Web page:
Monday, September 12, 2011

CDCR Announces Community-Based Program for Eligible Inmates

Alternative Custody Program aims to reunite inmates with their families

SACRAMENTO – The California Department of Corrections and Rehabilitation (CDCR) today announced the implementation of the Alternative Custody Program (ACP), aimed at reuniting low-level offenders with their families and providing inmates with rehabilitative services within the community.

In September 2010, Gov. Schwarzenegger signed Senate Bill 1266 into law, creating ACP to address the high number of inmates with dependent children in the state’s prisons. The program allows non-serious, non-violent offenders, as defined by Penal Code (PC) 1192.7(c) and 667.5(c), and non-sex offenders to serve the remainder of their sentences in the community in lieu of state prison.

“Approximately two-thirds of CDCR’s female inmates are mothers whose children are either with relatives or are in foster care,” Secretary Matthew Cate said. “ACP is a step in breaking the intergenerational cycle of incarceration, as family involvement is one of the biggest indicators of an inmate’s rehabilitation.”

Initially, the program will be offered to qualifying female inmates. Participation may be offered at a later date to male inmates, at the discretion of the Secretary of CDCR.

Effective September 12, an inmate who qualifies will be permitted to serve the remainder of their sentence in a residential home, a residential substance-abuse treatment program, or a transitional-care facility that offers individualized services based on their needs.

The program permits eligible inmates to seek and retain employment in the community, attend psychological counseling sessions, educational or vocational training classes, participate in life-skills or parenting training, and utilize substance-abuse treatment services.

Approximately 45 percent of CDCR’s female inmates are potentially eligible for ACP, but approval for participation in the program is dependent on a review of individual history and case factors.

The following eligibility criteria must be met for participation:

· Female inmate, or
· Pregnant inmate, or
· Inmate who, immediately prior to incarceration, was the primary caregiver of a dependent child.
· Have 24 months or less to serve in state prison.

The following exclusionary criteria preclude an inmate from participating:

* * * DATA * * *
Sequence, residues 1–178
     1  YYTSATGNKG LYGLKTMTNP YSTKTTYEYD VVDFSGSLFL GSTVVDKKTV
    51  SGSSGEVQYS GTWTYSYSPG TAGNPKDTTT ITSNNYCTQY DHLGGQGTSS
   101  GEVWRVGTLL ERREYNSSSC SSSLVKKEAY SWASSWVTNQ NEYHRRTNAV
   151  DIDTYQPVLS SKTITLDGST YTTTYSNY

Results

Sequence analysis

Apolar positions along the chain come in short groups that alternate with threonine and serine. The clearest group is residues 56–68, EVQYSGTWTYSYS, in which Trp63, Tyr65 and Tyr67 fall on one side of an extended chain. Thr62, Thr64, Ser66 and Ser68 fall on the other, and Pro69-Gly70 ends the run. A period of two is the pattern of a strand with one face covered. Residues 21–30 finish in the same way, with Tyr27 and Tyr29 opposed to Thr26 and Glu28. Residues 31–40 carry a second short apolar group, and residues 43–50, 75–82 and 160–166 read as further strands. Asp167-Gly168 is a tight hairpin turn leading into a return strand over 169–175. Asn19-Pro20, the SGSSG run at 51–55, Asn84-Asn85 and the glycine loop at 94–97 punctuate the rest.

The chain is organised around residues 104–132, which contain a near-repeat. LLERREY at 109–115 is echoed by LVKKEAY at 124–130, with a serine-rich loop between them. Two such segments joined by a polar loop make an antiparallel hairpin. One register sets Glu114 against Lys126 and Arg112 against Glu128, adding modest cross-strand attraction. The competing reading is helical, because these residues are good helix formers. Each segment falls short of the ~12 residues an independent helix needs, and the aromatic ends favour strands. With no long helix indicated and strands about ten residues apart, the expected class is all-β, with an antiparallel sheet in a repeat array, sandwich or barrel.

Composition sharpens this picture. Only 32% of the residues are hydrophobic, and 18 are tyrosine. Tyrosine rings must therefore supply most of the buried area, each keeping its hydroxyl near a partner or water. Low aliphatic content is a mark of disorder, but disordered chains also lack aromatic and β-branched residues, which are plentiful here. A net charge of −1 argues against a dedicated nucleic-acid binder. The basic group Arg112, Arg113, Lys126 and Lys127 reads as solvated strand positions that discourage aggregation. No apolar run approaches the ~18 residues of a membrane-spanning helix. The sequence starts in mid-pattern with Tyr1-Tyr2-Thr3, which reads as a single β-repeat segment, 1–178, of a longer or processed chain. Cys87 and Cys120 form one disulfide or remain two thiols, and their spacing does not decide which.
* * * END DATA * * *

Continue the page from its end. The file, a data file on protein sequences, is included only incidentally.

· Current or prior serious or violent felony, as defined by the Penal Code
· Current or prior sex-offense conviction or PC 290 registration requirement
· An escape in the last 10 years
· Specific in-prison misconduct or custody levels
· Active restraining order
· Specific in-prison misconduct or custody levels
· Gang membership/affiliation
· Felony, or Immigration and Customs Enforcement hold

In addition, a case-by-case eligibility determination will be made regarding:

· Current or prior sexual convictions not requiring PC 290 registration
· Current or prior child-abuse arrests or convictions in which the offense was related to abuse or neglect of a child
· Current or prior convictions for stalking

Supervision and case management will be provided by an assigned parole agent. The ACP participant will continue to serve their full sentence and will be electronically monitored for the duration of the time they are in the program. An inmate’s participation in the program may be revoked at any time and for any reason.

An ACP participant will receive sentence-reduction credits that would have been received had they served their sentence in state prison. In addition, they are eligible to receive day-for-day earned release credits if they complete an approved rehabilitative program while participating in ACP.

CDCR will notify both local law enforcement and victims, if any, of an inmate’s participation in ACP.

SB 1266 did not appropriate funding for ACP. Since the state will not be responsible for transportation, food, or housing costs for ACP participants, CDCR anticipates a cost-savings to the state of approximately $6 million next year.

When ACP was enacted into law, several non-profit and community organizations offered their programs free of charge to ACP participants. Under ACP, participants may live in approved residences, but the state is not responsible for their housing costs.

For more information on CDCR’s female inmate population, visit the Female Offender Programs and Services page here: http://www.cdcr.ca.gov/Adult_Operations/FOPS/index.html.

For more information on ACP, visit CDCR’s website here: http://www.cdcr.ca.gov/Adult_Operations/FOPS/docs/ACP-Fact-Sheet-Final.pdf

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FOR IMMEDIATE RELEASE
Monday, September 12, 2011
Contact: Dana Toyama
(916) 445-4950